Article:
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Could This Be the Middle East’s Own Lush?

Could This Be the Middle East’s Own Lush?
September 18, 2018 SWB Team

Yasmeen Smadi meets Samah Kheir El-Zein, the Syrian entrepreneur pioneering locally-made organic skincare products in Egypt.

by Yasmeen Smadi

Samah pours the green mixture into the small, heart-shaped moulds as the voice of her children playing sings in the background. Her organic skin-care products, which she makes at home, emanate a fragrance unmatched, filling the room where she makes home-made soap with a hint of Oud.

“I’ve always liked cosmetics and knew a lot about them, so I took some courses and taught myself how to make cosmetics from natural ingredients,” says the entrepreneur, who was recently one of the winners of -‘Heya Ra’eda’ (which in Arabic means “she is an entrepreneur”) incubation program, led by Egypt’s Technology, Innovation Entrepreneurship Centre (TIEC).

Samah Kheir El-Zein kick-started her business when she found herself alone with two kids, after her husband passed away in Egypt, the country she had just moved to. She had to find a way to support her family, being the only provider they had now. So she came up with the idea of making natural cosmetics at home and selling them online.’I have a passion for cosmetics, especially the ones made from natural ingredients, and I like helping women with skin problems through natural remedies,’’ she says, as we sit at the Vested Summit in El Gouna, having won SWB’s Women on the Move Pitching Competition.

“I always thought of myself as a weak person but after starting my business, I realized that I’m actually very strong.”

On a table next to the TV set in her home, located in a district known as Little Damascus – in Cairo’s satellite city of 6 of October – there is a purple box with matching rose petals and a bow, containing one of the many skincare products she creates, from start to finish. From fruit-infused soap, to skincare creams, to lotions, scrubs, and body butter, Samah’s products stand out as much for their artisanal presentation and finishing, as for their quality: they are home-made, animal-cruelty free, and devoid of chemicals. Much like the globally smashing brand Lush, her products appeal to a market that is ever more attentive to the impact of the products they consume. 

Samah pitches at Egypt’s Technology, Innovation and Entrepreneurship Centre in Cairo.

The entrepreneur had never worked a day in her life, but this new situation forced her to make a decision for herself and for her children – she had to take things into her own hands in order to survive. “They are the reason I want to be strong and successful,’’ she states. Indeed, her children are often seen as her companions in her entrepreneurial venture, whether it is in product fairs, startup trainings, or meetings.

“We decided to come to Egypt when the war started in Syria,” she recalls. “We chose Egypt because it was affordable, safe and the people here are friendly.” At the time when she left her hometown of Damascus, there were regular flights to Cairo – and the borders were not closed. “It was in the beginning of the war,” she recalls, as we begin the interview.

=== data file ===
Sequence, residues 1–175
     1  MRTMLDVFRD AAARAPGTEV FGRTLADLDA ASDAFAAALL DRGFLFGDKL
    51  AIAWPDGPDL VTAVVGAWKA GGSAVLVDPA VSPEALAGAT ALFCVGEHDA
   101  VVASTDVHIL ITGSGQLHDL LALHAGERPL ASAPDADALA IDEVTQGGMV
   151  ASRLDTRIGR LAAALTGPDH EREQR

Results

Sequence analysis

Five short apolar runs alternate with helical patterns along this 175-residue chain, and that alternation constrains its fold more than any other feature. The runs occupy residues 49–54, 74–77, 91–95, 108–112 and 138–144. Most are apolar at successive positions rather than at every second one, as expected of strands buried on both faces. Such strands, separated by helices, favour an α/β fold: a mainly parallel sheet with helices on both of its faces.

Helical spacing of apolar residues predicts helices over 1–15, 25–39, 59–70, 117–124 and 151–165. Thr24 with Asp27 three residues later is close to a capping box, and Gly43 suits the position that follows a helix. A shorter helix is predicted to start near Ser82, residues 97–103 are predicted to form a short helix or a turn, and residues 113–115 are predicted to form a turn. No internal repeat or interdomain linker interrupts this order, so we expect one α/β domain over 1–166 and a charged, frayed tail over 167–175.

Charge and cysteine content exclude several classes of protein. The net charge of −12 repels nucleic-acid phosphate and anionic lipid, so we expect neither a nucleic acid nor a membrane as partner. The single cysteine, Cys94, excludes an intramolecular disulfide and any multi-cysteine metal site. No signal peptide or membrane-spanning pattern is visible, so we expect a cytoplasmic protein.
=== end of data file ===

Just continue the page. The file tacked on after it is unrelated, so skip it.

How did the idea for the startup come about? 

I’ve always liked cosmetics and knew a lot about them, so I took some courses and taught myself how to make cosmetics from natural ingredients. I started by doing experiments with different ingredients until I was sure my products are effective and safe.

My friends and family tried my products and liked them so I started selling them in bazaars and events. I now make different kinds of soaps, lotions, creams and scrubs; I also make customized products based on my customers’ needs.

The entrepreneur recently attended the Vested Summit, in the coastal town of El Gouna, after winning the Women on the Move competition.

What was your main challenge creating the company? 

I think registration and having a shop. I work from home now, and I haven’t registered the company yet because the registration process is very complicated for non-Egyptians.

Were you aware of the startup world before coming here?

I had a very basic idea about it as I took some business courses, but Women on the Move helped me get more exposed and aware of the startup ecosystem. I wasn’t expecting to learn a lot from the event but I did, it was very beneficial and I feel that it opened a lot of doors for me.

What changed in your life when you started the business? 

I became stronger. I always thought of myself as a weak person but after starting my business, I realized that I’m actually very strong. Also, I’m now capable of supporting my family.

What’s your biggest goal with the company?  

I hope for my company to be registered so I can supply pharmacies and doctors with my products; as now I don’t have a license for this. I also want to launch the online platform to sell them, and export to different countries around the world. I believe that my project will grow and that I’ll make myself and my children very proud.

What would you advice another person who migrated from their country and wants to create a business? 

Know what you want to do, take courses, improve your skills and then start. Don’t start before you’re ready and always have a plan B.

Photography: Valentina Primo.

©Startups Without Borders.

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